Am I subject to Mosaic law?


#1

This is a sincere question. I am a Catholic. My wife and I were both brought into the Church Easter before last, so I’m not baiting, or anything like that. I’ve been reflecting a lot on Peter and Paul, and their ministries in the beginning. Paul said that Gentiles need only follow certain parts of Mosaic law. My parents were Gentiles. They were not Jews, yet, when I was born, for some reason they had me circumcised, though they were Lutheran, and I was raised Lutheran. Circumcision is a sign of the covenant of the family of Abraham with God. This question is probably silly, and I’m sorry if it is, but I really don’t know after all my bible study so far. Am I a Jewish Christian since I was circumcised, or a Gentile Christian since that is how I was raised? Am I subject to the full spectrum of Mosaic law? Should I eat Kosher, etc.? NOT IN LIEU of my Christianity, but as a PART OF it? Nothing could budge my hard fought Catholicism. That’s not what I’m asking. It is my understanding that the standards of conduct are stricter for Jewish Christians, than for Gentile Christians. How much importance and identity with circumcision is recognized by the Church? Why do Christian parents have their children circumcised? I did this with my son when he was a baby as well. I don’t remember even being asked about it by the doctor? I didn’t even think of it at the time.

I identify and strongly respect our Jewish brothers and sisters. The first Christians were Jews. If a Jewish person converts to Christianity, I’m not so sure it’s a conversion, but rather just finally coming to understand the rest of the story. More of an awakening. The Jews still hold a firm place with God, in spite of the failure of many sects, (most of the existing ones, in fact), to recognize Jesus as the promised Messiah. To be a good Christian, we must at least acknowledge our deeply Jewish heritage.

Again, I apologize if this is too fundamental and naive of a question. I will keep searching the scriptures. I know we’re responsible for what we come to know as the truth. I want to do the right thing.

Yours in Christ,

Steven


#2

No you are not Jewish. You are allowed to get circumcised for hygienic reasons.

The prohibition of circumcision in the New Testament is regarding those who thought salvation was a points game (Judaizers), they do all these good works and God must pay them, their heart was not with God (see Matthew 6:1-6 and Luke 11:39).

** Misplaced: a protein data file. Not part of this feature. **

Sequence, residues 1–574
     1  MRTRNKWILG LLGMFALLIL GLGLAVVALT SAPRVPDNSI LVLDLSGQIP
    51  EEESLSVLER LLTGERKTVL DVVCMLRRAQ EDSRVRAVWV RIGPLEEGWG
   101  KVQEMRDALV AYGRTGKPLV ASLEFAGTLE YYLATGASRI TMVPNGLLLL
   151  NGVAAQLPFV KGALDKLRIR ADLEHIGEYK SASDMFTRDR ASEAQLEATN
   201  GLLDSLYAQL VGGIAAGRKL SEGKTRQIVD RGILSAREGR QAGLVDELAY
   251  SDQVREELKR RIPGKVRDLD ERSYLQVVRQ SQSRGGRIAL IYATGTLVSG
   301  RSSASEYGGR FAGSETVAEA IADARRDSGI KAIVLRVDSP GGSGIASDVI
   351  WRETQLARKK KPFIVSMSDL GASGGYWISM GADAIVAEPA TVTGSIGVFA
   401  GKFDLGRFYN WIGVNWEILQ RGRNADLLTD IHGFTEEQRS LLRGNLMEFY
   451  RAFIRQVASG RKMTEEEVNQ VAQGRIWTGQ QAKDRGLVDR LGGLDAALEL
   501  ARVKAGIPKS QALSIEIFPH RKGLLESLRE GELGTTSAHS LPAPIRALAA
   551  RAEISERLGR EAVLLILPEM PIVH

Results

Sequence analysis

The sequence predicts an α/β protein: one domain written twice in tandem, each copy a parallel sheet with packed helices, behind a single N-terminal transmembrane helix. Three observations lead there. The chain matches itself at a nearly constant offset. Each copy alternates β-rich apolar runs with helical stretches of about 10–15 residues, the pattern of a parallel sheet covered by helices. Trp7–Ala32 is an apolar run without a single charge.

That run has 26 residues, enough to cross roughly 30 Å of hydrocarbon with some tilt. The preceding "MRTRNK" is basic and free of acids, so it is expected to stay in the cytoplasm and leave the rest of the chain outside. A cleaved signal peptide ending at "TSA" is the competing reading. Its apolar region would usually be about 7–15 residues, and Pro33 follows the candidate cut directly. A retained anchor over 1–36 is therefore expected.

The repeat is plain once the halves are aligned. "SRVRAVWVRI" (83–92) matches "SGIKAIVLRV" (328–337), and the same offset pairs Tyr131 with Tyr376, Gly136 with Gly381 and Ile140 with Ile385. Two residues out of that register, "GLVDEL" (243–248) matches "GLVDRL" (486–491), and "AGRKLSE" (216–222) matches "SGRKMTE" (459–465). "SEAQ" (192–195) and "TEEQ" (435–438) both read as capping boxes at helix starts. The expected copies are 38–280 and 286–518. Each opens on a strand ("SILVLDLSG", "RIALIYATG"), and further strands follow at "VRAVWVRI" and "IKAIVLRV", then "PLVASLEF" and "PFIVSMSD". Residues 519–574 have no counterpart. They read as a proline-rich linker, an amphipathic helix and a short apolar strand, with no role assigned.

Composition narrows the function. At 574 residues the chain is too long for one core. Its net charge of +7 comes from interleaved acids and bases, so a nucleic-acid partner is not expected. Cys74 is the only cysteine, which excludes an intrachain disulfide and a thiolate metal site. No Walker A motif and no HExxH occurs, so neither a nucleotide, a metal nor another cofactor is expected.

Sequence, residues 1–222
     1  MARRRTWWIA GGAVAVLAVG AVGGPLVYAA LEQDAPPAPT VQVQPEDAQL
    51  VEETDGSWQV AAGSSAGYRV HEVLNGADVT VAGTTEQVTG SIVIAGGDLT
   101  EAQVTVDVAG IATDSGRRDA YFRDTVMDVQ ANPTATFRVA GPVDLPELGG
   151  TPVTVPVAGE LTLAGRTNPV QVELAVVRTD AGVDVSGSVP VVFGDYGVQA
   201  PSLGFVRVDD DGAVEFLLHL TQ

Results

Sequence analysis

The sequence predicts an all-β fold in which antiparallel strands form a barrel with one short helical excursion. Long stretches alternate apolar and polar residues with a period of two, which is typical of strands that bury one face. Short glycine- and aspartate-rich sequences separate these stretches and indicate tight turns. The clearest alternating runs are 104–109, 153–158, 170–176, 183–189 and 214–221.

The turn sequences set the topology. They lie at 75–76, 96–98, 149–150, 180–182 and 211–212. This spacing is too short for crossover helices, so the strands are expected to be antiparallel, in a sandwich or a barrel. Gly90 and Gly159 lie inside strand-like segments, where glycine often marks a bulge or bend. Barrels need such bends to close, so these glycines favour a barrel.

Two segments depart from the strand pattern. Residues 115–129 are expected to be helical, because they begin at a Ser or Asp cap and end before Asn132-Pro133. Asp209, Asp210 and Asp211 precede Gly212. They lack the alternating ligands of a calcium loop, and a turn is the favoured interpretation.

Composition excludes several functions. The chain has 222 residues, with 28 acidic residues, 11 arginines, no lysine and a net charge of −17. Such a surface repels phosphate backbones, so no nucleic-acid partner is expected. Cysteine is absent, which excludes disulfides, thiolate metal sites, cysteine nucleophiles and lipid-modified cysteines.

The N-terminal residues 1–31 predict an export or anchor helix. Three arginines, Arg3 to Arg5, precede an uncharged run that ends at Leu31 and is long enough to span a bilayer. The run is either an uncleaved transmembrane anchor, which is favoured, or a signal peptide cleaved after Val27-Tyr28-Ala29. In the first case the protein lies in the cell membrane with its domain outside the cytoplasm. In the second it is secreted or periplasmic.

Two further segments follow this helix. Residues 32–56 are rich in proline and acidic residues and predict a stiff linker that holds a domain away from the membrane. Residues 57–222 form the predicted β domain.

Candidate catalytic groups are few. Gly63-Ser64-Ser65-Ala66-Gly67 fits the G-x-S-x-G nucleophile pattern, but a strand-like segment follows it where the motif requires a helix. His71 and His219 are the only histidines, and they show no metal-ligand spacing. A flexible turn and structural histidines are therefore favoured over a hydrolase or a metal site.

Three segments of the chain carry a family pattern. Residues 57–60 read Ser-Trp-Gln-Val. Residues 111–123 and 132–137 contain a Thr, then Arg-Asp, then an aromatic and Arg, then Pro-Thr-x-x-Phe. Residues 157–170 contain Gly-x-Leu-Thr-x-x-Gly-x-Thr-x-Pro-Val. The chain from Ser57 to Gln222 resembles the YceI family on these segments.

#3

This sounds totally foreign to me. If you are a Latin Rite Catholic, you are governed by Divine Law, and the Code of Canon Law (1983 CIC). [If from an Eastern Catholic Rite, you follow the Code of canons of Oriental Churches (CCEO)]. There is no “standard” for “Jewish” Christians as distinct from “Gentile” Christians. As I understand it, canon law makes no such distinction.

See more here:

** Are Hebrew Catholics in line with the Church?**


#4

See also:
CATHOLIC ENCYCLOPEDIA: Moral Aspect of Divine Law

The Divine Law of the Old Testament, or the Mosaic Law, is commonly divided into civil, ceremonial, and moral precepts. The civil legislation regulated the relations of the people of God among themselves and with their neighbours; the ceremonial regulated matters of religion and the worship of God; the moral was a Divine code of ethics… In the Old Testament [the moral precepts are] contained for the most part and summed up in the Decalogue (Exodus 20:2-17; Leviticus 19:3, 11-18; Deuteronomy 5:1-33)… all the precepts of the Decalogue are also precepts of the natural law, which can be gathered by reason from nature herself.

It is my understanding that with regard to the Mosaic Law, only the moral precepts remain binding upon Christians.


#5

St. Ignatius of Antioch

Also called Theophorus (ho Theophoros); born in Syria, around the year 50; died at Rome between 98 and 117.

The Epistle of Ignatius to the Magnesians

Be not deceived with strange doctrines, nor with old fables, which are unprofitable. For if we still live according to the Jewish law, we acknowledge that we have not received grace. For the divinest prophets lived according to Christ Jesus. On this account also they were persecuted, being inspired by His grace to fully convince the unbelieving that there is one God, who has manifested Himself by Jesus Christ His Son, who is His eternal Word, not proceeding forth from silence, and who in all things pleased Him that sent Him. If, therefore, those who were brought up in the ancient order of things have come to the possession of a new hope, no longer observing the Sabbath, but living in the observance of the Lord’s Day, on which also our life has sprung up again by Him and by His death—whom some deny, by which mystery we have obtained faith, and therefore endure, that we may be found the disciples of Jesus Christ, our only Master—how shall we be able to live apart from Him, whose disciples the prophets themselves in the Spirit did wait for Him as their Teacher? And therefore He whom they rightly waited for, having come, raised them from the dead. Let us not, therefore, be insensible to His kindness. For were He to reward us according to our works, we should cease to be. Therefore, having become His disciples, let us learn to live according to the principles of Christianity. For whosoever is called by any other name besides this, is not of God. Lay aside, therefore, the evil, the old, the sour leaven, and be changed into the new leaven, which is Jesus Christ. Be salted in Him, lest any one among you should be corrupted, since by your savour you shall be convicted. It is absurd to profess Christ Jesus, and to Judaize. For Christianity did not embrace Judaism, but Judaism Christianity, that so every tongue which believes might be gathered together to God.


closed #6

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